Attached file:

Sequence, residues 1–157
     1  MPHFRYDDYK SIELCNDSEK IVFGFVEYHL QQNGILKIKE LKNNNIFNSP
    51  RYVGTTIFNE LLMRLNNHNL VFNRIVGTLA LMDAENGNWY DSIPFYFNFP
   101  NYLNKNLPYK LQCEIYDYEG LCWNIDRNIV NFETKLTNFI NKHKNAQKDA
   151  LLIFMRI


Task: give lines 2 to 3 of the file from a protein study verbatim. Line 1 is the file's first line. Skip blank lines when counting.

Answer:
     1  MPHFRYDDYK SIELCNDSEK IVFGFVEYHL QQNGILKIKE LKNNNIFNSP
    51  RYVGTTIFNE LLMRLNNHNL VFNRIVGTLA LMDAENGNWY DSIPFYFNFP